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Laura Blum


Laura is a festival correspondent covering films and the festival circuit for filmfestivals.com. She also publishes on Thalo

 


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"The Rocket" Blasts towards the 86th Academy Awards

 

Palm fronds swaying in the breeze, moon-lit mountains, petal-strewn altars: Laos may be the most paradisical place on Earth. But this paradise harbors a darker superlative: At nearly 80 million cluster bombs (minus the 500,000 that have been cleared), it's the most bombarded country per capita in history.

rocketposterLaos's beauty and bête noire are on full view in Kim Mordaunt's redemptive tale, The Rocket. The Laotian-Australian production centers on 10-year-old Ahlo, an artful operator who is born under a bad omen as a twin. Ahlo is held culpable for his family's accruing misfortunes as they're forced off their land to make way for the construction of hydro-electric dams by an Australian corporation. To overcome his jinx, Ahlo sets his eyes on the prize at the Rocket Festival. This rambunctious Spring ceremony, rooted in a traditional phallic rite, entails firing rockets at the sky deities to bring on the rainy season. 

One of the most memorable scenes in The Rocket plunges us underwater as Ahlo discovers buddha heads, wat ruins and sundry village detruitus that have sunken with the dam project. "It's a foreboding of what was about to happen to this ancient community and also what was going to happen to his mother," explained Mordaunt. Shot in a real hydroelectic lake, this haunting sequence anticipates the literal and figurative submerging of local culture, or what Mordaunt described as the "ghosting of their traditions by this Australian-Lao dam."

Behind this saga of dislocation lurk digs at today's economic aggression and its eerie echoes of the American strafings that drove a million Laotian peasants from their homes during the Vietnam War. Mordaunt probed the lingering fallout from that campaign in his 2007 documentary Bomb Harvest

With his fiction debut, the Australian writer-director now takes aim at Australia's dealings that he believes threaten to destroy indigenous Asian traditions and resources. "Australia does a lot of ethical business in Asia, but a lot of unethical business as well," he told me. Lamenting that developers are currently planning 52 dams across Laos, he stated, "That's really why I made the film -- I could see what was happening in Laos and elsewhere in Asia."

The Rocket, like its young hero, is out to reverse a curse. Happily, though, Mordaunt resists all temptation to AhloBlossomspreach. This makes The Rocket a far more cheerful experience than its war-torn landscape and unkindly taboos might suggest. Mordaunt is making a statement, but his bully pulpit is adorned with blossoms. An especially lyrical example is Ahlo's friendship with Kia (Loungnam Kaosainam), which begins as the 9-year-old orphan literally rains down purple flowers on him from her perch in a tree.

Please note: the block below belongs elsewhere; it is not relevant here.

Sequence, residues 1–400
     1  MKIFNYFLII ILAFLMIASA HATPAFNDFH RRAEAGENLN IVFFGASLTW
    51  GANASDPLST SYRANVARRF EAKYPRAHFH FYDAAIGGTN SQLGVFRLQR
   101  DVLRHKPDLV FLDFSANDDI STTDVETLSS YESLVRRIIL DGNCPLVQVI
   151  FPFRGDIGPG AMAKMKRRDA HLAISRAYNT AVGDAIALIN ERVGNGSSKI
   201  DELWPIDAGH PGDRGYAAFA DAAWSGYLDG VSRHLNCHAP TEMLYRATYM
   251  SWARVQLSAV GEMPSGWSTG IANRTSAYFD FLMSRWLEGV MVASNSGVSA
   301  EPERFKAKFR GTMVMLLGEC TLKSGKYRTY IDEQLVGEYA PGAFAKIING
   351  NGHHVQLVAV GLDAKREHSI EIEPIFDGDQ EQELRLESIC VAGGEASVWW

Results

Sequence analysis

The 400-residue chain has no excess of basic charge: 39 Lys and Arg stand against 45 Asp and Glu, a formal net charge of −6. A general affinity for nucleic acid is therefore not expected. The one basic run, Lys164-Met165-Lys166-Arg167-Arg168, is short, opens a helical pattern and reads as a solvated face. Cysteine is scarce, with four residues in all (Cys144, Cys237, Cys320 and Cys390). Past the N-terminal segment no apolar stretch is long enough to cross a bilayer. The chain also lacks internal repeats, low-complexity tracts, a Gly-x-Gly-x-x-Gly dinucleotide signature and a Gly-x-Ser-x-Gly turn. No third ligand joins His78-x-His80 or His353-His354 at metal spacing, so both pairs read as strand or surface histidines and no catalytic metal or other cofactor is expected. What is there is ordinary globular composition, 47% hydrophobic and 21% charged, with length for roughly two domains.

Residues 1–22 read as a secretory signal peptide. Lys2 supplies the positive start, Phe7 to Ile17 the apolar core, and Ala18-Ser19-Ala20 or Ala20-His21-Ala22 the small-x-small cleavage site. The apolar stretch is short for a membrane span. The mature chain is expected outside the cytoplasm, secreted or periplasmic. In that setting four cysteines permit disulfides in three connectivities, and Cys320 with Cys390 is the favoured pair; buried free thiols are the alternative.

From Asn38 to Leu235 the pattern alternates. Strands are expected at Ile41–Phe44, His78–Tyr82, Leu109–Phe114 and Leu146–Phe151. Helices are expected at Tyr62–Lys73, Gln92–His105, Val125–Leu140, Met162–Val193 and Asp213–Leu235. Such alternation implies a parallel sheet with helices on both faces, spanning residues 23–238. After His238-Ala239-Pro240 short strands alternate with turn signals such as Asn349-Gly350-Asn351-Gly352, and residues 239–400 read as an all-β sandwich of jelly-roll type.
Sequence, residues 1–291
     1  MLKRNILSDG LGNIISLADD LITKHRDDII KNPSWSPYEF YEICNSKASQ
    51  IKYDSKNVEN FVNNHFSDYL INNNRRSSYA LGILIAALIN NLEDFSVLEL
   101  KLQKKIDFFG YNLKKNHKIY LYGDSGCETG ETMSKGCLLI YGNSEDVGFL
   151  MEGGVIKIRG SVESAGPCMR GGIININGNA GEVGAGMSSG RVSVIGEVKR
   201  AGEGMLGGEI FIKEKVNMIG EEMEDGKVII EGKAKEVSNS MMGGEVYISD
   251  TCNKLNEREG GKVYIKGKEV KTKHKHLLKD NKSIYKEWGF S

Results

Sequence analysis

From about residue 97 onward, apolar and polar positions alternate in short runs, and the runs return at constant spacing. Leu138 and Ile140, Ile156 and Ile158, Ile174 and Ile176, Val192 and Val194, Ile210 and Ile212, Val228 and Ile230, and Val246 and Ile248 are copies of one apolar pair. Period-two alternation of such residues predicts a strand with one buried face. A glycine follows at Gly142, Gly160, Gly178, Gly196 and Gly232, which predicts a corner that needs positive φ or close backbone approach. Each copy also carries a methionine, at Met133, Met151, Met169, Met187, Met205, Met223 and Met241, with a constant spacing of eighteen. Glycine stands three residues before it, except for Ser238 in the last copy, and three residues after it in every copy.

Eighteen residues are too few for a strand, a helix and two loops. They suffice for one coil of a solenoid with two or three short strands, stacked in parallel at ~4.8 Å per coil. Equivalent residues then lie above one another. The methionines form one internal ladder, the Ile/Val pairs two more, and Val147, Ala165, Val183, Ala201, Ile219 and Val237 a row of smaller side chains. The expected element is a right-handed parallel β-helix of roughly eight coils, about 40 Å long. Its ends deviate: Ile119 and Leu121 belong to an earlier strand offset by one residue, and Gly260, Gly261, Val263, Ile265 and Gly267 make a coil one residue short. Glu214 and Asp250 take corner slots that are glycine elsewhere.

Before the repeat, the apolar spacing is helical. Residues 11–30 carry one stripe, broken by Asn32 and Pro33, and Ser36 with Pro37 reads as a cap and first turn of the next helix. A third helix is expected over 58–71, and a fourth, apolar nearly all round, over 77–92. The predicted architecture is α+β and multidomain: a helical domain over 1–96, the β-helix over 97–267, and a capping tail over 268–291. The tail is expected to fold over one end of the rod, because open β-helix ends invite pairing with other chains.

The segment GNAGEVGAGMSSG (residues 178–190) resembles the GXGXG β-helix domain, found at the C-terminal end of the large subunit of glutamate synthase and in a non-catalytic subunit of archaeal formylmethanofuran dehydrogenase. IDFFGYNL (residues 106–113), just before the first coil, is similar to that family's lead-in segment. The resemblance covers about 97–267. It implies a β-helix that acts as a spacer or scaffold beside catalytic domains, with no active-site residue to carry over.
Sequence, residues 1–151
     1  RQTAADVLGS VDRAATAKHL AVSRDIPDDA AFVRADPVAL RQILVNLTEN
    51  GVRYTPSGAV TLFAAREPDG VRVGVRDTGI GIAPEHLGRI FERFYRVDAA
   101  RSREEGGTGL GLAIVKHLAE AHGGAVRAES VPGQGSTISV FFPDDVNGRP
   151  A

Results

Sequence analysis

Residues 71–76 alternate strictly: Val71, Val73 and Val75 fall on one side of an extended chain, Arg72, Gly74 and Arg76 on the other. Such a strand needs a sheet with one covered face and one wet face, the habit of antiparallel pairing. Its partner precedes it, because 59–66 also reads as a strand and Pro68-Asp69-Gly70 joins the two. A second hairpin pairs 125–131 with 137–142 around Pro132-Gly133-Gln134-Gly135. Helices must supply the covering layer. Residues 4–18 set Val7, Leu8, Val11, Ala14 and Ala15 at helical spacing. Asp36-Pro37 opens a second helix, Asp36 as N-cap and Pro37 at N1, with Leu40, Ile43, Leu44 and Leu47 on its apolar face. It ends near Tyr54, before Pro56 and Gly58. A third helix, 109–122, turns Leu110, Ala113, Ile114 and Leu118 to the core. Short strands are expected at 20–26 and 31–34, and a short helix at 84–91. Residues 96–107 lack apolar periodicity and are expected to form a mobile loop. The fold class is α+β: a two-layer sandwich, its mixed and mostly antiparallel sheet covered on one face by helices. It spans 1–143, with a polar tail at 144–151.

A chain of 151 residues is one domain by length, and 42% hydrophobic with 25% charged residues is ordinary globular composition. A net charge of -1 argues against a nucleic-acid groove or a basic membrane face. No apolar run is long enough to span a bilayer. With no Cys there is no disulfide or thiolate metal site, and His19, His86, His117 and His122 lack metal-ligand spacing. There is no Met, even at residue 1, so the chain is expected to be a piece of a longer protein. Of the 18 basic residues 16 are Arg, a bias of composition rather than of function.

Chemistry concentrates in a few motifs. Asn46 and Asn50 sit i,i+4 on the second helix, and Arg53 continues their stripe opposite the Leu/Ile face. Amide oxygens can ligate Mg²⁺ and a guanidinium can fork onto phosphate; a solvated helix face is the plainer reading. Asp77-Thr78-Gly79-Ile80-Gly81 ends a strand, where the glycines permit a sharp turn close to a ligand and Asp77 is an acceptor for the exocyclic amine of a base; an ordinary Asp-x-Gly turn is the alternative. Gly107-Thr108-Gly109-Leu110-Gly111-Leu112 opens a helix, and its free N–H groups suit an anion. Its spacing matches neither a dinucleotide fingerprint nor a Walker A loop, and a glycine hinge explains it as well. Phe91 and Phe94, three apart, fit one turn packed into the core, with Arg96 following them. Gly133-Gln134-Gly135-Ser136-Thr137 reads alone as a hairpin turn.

Both fledglings revel in adventure while allowing audiences a close view of tender sorrows. Played by former street urchin Sitthiphon "Ki" Disamoe, Ahlo blends pathos and pluck with such naturalism it's sure to leave a nick. That Ki's performance would be so raw wasn't apparent from the outset of his new acting gig. At first Mordaunt "couldn't get to the core of his emotions," he recalled. "I thought, this guy is never going to open up because he's learned to protect himself on the street. It was only when the director shared that he too had lost a parent at age 10, like Ahlo, that Kai started to "talk about his losses" and to reveal emotion.

Mordaunt's ode to fallibility advances another unsung hero, Kia's Uncle Purple. The man who plays him, Thep Phongam, is a veteran Thai-Lao entertainer; he's also the only professional actor in the cast. Inspired by a Laotian villager that the director had met while making Bomb Harvest, this spiky war veteran fought alongside the CIA and displays a weakness for James Brown and liquor. He is both a wise man and a fool, an avatar -- like the ubiquitous explosives -- of conflict and a Laotian hippie who wields his ostracism as social critique. Both Purple and Ahlo recognize their pariah link, yet the older man's dysfunction ignite the boy's fuse to rocket towards something higher.    The-Rocket

The Rocket, with its totems and taboos, makes for a feast of archetypes and aphorisms. Garnished with humor and soul, it makes up in humanity what it may lack in narrative simplicity. "Lao culture is full of folklore," said Mordaunt, "so we decided we'd give the film a fable-like quality."

Armed with awards garnered at such fests as the Berlinale and the Tribeca Film Festival, Australia's submission to the 2014 foreign-language Oscar pool has resonated with cinephiles in various countries, though it has yet to be screened in Laos. Mordaunt was hardly surprised that it didn't clear that country's censorship board. "The dam issue is very, very political; it's worth hundreds of millions of dollars," he noted. But he has no regrets. "The Lao-Australian community didn't want to make a piece of propaganda."

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